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'STORM' by D. J. MacHale: Don't miss this second book in the SYLO series

Top notch young adult adventure scifi
courtesy of Razorbill

STORM by D.J. MacHale


D. J. MacHale wrote a seriously gripping, seriously imaginative, seriously mysterious book when he penned the SYLO Chronicles and its newest book, "STORM."

Tucker, the narrator, is fourteen. His three companions are either the same age or a bit older. They pick up another traveling companion who is yet a bit older than they are -- in his early twenties. But boy, do they ever know how to survive.

In SYLO, MacHale begins with small town life on an island off the coast of Maine. The first book chronicles the government quarantine of the island and the teens who fight back and finally find a way to escape. In the meantime, there's plenty of death, and the narrator finds out that his parents have known about this situation for a long time. He feels betrayed.

In the second book, "STORM," the world turns dystopian. Billions of people have been wiped out by the Air Force and its futuristic black planes, which shine a light on things that then disappear: skyscrapers, towns, or just the people (and animals) inside leaving the buildings unscathed.

The group gets to the mainland to find it devoid of people. Almost. There are a few survivors, but the four companions hear a broadcast that beckons them to a place in Nevada where, says the voice, people are planning on fighting back.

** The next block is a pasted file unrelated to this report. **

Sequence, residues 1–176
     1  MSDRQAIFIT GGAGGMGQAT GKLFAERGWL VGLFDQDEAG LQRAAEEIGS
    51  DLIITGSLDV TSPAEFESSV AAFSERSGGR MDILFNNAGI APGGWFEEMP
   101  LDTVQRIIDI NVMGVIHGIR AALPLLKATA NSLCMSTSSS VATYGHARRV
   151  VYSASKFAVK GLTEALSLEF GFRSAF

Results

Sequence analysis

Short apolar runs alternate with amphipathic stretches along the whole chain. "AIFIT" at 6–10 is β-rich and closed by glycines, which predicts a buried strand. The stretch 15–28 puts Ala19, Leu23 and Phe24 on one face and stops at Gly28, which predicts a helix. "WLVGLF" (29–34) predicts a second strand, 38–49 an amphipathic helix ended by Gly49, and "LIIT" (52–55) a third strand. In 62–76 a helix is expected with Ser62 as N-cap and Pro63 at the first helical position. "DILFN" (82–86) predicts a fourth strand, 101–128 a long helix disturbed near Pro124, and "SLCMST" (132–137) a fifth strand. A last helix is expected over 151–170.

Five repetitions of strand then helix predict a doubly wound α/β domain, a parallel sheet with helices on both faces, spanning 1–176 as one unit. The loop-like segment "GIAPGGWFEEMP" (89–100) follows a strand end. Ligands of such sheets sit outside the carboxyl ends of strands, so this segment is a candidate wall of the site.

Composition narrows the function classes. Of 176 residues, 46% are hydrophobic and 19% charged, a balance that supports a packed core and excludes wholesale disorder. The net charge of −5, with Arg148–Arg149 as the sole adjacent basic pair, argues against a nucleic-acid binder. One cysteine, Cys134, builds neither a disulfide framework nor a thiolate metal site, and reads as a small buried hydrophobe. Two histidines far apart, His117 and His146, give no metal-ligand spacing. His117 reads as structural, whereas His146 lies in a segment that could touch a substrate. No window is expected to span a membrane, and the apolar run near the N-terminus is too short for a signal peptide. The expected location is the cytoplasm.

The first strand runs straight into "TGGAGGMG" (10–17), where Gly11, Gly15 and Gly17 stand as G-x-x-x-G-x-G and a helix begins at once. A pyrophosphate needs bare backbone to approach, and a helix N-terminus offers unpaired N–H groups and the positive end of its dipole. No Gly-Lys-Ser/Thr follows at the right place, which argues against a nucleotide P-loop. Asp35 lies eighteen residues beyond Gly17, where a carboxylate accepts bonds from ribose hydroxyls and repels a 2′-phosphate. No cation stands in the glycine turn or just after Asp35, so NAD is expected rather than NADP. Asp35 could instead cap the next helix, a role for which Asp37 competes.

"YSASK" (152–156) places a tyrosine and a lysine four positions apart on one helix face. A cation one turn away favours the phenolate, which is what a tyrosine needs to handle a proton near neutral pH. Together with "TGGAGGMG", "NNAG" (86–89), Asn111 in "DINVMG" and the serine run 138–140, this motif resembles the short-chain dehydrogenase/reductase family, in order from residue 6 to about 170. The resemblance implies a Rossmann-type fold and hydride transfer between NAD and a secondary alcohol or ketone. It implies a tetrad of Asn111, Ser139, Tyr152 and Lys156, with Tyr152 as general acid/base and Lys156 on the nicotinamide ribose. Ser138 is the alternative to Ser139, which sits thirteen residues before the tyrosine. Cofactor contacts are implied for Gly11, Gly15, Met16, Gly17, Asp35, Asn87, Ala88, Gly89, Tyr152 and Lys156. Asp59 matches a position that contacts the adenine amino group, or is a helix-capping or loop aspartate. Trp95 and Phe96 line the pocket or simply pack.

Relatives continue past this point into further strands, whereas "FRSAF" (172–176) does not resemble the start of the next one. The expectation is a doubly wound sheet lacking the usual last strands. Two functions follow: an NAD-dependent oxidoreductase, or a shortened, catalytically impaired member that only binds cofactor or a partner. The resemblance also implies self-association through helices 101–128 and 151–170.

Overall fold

But part of the mystery is: fighting back against what or whom? The Air Force perpetrated the massacre, but there is also SYLO, the secret branch of the Navy that held the islanders captive, blaming the enforced quarantine on a nonexistent virus. Those two branches of the military are fighting each other for some reason.

Tucker is told repeatedly that he shouldn't trust anyone. Does that mean Tori, the girl he's known forever whose father was killed by SYLO? Or Olivia, the spoiled girl who was vacationing on the island with her mother when the military invaded? Or Kent, the spoiled son of one of the wealthiest families on the island?

The group travels across the country, encountering enemies and friends -- but they really don't know for sure which is which.

MacHale's writing is amazing. He manages, through dialogue, action and just the right amount of description, to keep the book so enthralling that the reader really doesn't want to put it down. When Michael Grant wrote, "Make plans to stay up all night finishing it," he wasn't kidding.

Tucker's narration rings true. He channels the feelings and thoughts of a fourteen-year-old, a teenager on the run in a country that's been laid bare and is full of danger.

There is a cliffhanger ending, and although the reader thinks he or she knows now who the bad guys really are -- we still don't know who they REALLY are. There are cryptic clues and hints throughout the story, but I am going to anxiously await the next book for more answers.

Why 5 stars? This really is close to a perfect YA action series. It kept me reading way past my bedtime (you called that right, Michael Grant!). And I kept thinking about what would happen next. That's worth 5 stars to me.

Please note: This review is based on the advance reader's copy provided by Razorbill for review purposes.

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